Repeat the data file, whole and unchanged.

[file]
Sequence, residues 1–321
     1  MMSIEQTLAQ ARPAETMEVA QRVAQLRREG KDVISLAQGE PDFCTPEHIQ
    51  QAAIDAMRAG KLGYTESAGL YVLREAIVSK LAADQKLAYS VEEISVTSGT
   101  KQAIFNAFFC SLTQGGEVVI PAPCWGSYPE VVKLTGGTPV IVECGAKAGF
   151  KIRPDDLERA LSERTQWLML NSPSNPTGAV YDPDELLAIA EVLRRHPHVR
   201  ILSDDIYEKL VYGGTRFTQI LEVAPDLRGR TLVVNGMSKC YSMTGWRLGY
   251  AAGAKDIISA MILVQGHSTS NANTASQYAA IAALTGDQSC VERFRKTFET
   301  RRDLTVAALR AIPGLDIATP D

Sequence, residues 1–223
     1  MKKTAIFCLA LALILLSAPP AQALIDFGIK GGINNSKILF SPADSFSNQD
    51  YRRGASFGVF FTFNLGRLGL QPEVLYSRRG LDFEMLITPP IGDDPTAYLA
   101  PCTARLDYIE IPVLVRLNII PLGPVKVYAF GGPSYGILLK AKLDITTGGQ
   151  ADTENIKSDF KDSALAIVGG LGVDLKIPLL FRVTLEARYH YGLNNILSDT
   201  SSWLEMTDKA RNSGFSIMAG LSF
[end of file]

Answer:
Sequence, residues 1–321
     1  MMSIEQTLAQ ARPAETMEVA QRVAQLRREG KDVISLAQGE PDFCTPEHIQ
    51  QAAIDAMRAG KLGYTESAGL YVLREAIVSK LAADQKLAYS VEEISVTSGT
   101  KQAIFNAFFC SLTQGGEVVI PAPCWGSYPE VVKLTGGTPV IVECGAKAGF
   151  KIRPDDLERA LSERTQWLML NSPSNPTGAV YDPDELLAIA EVLRRHPHVR
   201  ILSDDIYEKL VYGGTRFTQI LEVAPDLRGR TLVVNGMSKC YSMTGWRLGY
   251  AAGAKDIISA MILVQGHSTS NANTASQYAA IAALTGDQSC VERFRKTFET
   301  RRDLTVAALR AIPGLDIATP D

Sequence, residues 1–223
     1  MKKTAIFCLA LALILLSAPP AQALIDFGIK GGINNSKILF SPADSFSNQD
    51  YRRGASFGVF FTFNLGRLGL QPEVLYSRRG LDFEMLITPP IGDDPTAYLA
   101  PCTARLDYIE IPVLVRLNII PLGPVKVYAF GGPSYGILLK AKLDITTGGQ
   151  ADTENIKSDF KDSALAIVGG LGVDLKIPLL FRVTLEARYH YGLNNILSDT
   201  SSWLEMTDKA RNSGFSIMAG LSF